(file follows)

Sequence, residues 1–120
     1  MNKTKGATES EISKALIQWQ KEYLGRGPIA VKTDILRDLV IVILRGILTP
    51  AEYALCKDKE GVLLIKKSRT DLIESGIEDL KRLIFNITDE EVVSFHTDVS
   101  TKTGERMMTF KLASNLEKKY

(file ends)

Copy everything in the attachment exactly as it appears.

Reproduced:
Sequence, residues 1–120
     1  MNKTKGATES EISKALIQWQ KEYLGRGPIA VKTDILRDLV IVILRGILTP
    51  AEYALCKDKE GVLLIKKSRT DLIESGIEDL KRLIFNITDE EVVSFHTDVS
   101  TKTGERMMTF KLASNLEKKY